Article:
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Xindaris
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icon Why don't I like "win the game" modes? (+1)  
I'll preface this by noting that I've always felt pretty strongly that for any single-player video game whatsoever, it is entirely the player's right to cheat. If I have decided that I like some things about a game but prefer to skip others, then I feel like I have the right to tune my experience and get rid of those parts I don't like--as long as that doesn't affect anyone else. I don't consider cheating in multiplayer games or to get the high score in a leaderboard OK, because that involves ruining other people's fun. But single-player cheating is fine, because at worst the cheater is only ruining the game for themselves, and at best they're creating an experience better tailored for them than the designers themselves could ever have done.

That being said, every time I hear about some game from some developer having an easy, skate-through-the-game, be-invincible, mode or feature, I feel something about that news, and it's not a positive something. Rationally, I shouldn't feel like there's anything wrong with it, because as I just stated above I think it's any player's right to decide how they want to play the game, how hard or easy they want to make it, so on and so forth. But I still do. Whenever news like that comes with a comment section, I often find myself rifling through those comments or that forum thread searching for someone who feels the same thing I do, and has the words to express just what exactly it is I'm feeling and why. I never find it.

There are usually only two sides to the argument for or against a "baby mode" being included in a game, and they basically tend to go something like this:
For: Games should be more inclusive and accessible so more people can enjoy this wonderful newish medium. It doesn't affect people who want to play the harder version of the game because that version is still there for them to enjoy. Some people don't want to play a hard game, they just want to have a good time.
Against: This game isn't for kids (even if it literally is)! I'm a hardcore gamer and don't get to brag about beating this game legitimately because you can see the same ending just by auto-steering! This easy mode isn't the way the game was designed to be experienced! The game isn't the same without its difficulty and people who play the easy mode aren't getting the real experience of playing.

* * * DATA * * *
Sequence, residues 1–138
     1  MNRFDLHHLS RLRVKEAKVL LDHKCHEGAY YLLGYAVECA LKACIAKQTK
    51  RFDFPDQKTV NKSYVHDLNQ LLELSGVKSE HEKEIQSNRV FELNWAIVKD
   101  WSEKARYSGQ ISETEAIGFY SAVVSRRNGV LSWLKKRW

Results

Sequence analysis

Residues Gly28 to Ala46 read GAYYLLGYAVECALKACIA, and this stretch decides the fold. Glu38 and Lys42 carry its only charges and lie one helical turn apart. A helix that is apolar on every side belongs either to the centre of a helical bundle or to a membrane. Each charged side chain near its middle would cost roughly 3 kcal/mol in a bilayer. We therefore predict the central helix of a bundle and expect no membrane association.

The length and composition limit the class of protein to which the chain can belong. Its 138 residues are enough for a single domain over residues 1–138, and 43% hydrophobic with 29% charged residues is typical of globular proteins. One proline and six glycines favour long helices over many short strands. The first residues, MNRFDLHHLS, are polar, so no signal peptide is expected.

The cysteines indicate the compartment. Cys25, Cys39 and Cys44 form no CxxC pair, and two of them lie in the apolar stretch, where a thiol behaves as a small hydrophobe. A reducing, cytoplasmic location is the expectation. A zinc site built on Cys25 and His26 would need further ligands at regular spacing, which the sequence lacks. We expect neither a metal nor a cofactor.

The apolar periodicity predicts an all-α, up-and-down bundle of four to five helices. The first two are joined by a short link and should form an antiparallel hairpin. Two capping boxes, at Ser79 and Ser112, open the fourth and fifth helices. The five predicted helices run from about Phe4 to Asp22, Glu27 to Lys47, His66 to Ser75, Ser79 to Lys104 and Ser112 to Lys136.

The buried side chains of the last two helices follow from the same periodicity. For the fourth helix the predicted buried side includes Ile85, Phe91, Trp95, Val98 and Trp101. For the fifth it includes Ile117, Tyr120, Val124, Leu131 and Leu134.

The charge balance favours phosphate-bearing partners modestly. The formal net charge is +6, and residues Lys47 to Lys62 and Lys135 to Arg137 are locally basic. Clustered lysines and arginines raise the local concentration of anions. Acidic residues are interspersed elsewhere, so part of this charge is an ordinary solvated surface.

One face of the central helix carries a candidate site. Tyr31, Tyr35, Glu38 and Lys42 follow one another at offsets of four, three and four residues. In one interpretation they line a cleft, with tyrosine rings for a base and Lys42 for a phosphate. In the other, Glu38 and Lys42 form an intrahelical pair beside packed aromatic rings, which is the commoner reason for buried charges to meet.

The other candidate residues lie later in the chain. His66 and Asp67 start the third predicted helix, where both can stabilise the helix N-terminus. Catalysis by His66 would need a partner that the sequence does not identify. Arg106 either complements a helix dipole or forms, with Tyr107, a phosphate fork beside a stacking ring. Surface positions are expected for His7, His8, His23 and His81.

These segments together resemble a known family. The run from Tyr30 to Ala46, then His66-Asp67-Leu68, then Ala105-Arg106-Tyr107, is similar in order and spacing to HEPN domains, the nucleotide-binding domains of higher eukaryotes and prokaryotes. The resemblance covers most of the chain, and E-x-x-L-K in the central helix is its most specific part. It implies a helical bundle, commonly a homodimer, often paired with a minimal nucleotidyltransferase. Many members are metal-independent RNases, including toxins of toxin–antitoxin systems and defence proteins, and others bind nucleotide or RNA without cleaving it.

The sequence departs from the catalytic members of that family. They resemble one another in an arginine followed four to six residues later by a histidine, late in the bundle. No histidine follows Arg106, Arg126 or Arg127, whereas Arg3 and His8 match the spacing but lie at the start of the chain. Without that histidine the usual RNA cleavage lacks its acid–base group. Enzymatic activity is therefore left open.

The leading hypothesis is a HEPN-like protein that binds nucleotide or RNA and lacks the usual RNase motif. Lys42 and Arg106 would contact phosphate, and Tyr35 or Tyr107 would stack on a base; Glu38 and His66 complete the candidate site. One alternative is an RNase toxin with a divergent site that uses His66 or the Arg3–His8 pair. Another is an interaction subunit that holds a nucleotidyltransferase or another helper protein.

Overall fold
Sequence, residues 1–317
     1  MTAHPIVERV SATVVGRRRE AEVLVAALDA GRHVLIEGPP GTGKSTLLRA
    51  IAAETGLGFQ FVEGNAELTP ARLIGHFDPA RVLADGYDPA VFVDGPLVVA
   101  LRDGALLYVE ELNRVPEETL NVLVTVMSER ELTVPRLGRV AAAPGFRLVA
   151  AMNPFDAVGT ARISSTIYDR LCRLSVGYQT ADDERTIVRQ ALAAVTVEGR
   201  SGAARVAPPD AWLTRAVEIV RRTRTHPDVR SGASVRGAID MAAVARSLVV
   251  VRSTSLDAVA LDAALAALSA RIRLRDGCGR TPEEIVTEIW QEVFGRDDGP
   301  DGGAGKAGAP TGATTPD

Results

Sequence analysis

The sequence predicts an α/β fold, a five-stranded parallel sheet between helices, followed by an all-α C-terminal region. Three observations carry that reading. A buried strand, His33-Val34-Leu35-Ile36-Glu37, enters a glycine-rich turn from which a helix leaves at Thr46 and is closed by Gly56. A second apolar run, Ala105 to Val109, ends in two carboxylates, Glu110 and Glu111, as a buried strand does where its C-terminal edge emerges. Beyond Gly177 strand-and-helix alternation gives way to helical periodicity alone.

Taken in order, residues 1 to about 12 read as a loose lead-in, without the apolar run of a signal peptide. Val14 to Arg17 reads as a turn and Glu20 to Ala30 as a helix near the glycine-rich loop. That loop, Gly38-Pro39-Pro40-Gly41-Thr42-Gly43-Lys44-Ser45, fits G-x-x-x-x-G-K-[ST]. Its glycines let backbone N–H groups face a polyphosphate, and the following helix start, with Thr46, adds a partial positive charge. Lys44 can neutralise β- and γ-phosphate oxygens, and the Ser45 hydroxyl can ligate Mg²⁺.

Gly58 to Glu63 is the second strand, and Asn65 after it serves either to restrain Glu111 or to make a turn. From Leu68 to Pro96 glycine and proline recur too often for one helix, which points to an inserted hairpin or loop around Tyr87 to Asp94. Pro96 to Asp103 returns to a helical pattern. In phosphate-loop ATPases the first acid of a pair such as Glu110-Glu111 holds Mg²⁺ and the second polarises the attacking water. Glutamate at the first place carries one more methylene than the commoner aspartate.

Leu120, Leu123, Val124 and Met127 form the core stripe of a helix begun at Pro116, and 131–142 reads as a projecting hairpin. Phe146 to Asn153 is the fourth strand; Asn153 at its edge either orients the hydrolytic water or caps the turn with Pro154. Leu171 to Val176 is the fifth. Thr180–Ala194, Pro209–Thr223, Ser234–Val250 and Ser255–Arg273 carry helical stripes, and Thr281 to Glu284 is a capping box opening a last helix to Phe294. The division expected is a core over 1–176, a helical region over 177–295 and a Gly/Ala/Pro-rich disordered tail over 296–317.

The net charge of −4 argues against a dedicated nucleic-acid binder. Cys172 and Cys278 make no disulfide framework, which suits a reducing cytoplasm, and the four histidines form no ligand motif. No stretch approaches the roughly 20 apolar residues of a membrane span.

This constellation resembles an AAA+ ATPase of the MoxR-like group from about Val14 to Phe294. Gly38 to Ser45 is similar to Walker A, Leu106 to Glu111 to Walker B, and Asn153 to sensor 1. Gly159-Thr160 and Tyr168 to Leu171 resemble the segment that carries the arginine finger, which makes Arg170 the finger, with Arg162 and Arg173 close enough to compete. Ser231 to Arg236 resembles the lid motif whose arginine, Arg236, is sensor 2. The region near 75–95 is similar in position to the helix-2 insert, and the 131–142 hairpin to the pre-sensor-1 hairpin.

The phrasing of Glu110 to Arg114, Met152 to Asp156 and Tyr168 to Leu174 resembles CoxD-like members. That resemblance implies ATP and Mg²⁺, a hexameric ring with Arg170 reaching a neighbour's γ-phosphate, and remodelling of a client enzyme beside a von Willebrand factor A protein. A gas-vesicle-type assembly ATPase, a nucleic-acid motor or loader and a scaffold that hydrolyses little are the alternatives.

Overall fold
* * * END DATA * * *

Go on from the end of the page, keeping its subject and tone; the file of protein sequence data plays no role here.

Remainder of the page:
So my problem is that rationally I agree with the arguments for any given game to have a stupid-easy mode, but emotionally I'm pulled in the exact opposite direction, and I don't really fully understand why.

To give a concrete example, let's talk about Pokemon. I enjoy some aspects of Pokemon and not others. I play it entirely as an abnegatory (in this sense) single-player experience, with no online or multiplayer business whatsoever, so I have no reservations to cheating using save editors like PKHeX and so on. The two things I find least enjoyable in a Pokemon game are grinding (i.e., walking around a grass patch endlessly until my party is the right level) and having to try over and over again to catch something, with the possibility of failure. So, to mitigate those and enjoy a game I've played dozens of times before on my own terms, I'll save edit myself a supply of master balls to not have to worry about catching things, and rare candies to be used sparingly when I feel like the game is trying to force me to grind, and then not have to do that. Obviously since I consider it OK for me to do that, I'd consider it equally fine for anyone else in the world to do the same thing, or to do some other combination of cheating to make their single-player game of Pokemon a more enjoyable experience for them personally.

But this is the weird thing: If, when I started a new Pokemon game up, it came up with an option to have pokeballs always catch things and start with an unlimited number of rare candies, I would be upset about it. There's just something different about having it plainly in my face as a "default" option that the game designers included for anyone to do from the start, that would make it feel wrong, even though it's exactly the same thing that I would be doing for myself with cheating. Even if you altered the easy mode a bit to account for my "use rare candies sparingly" by giving the player some smaller number of them at certain points in the game if they chose this mode instead of an unlimited number at any time, I still don't think I'd be happy about it.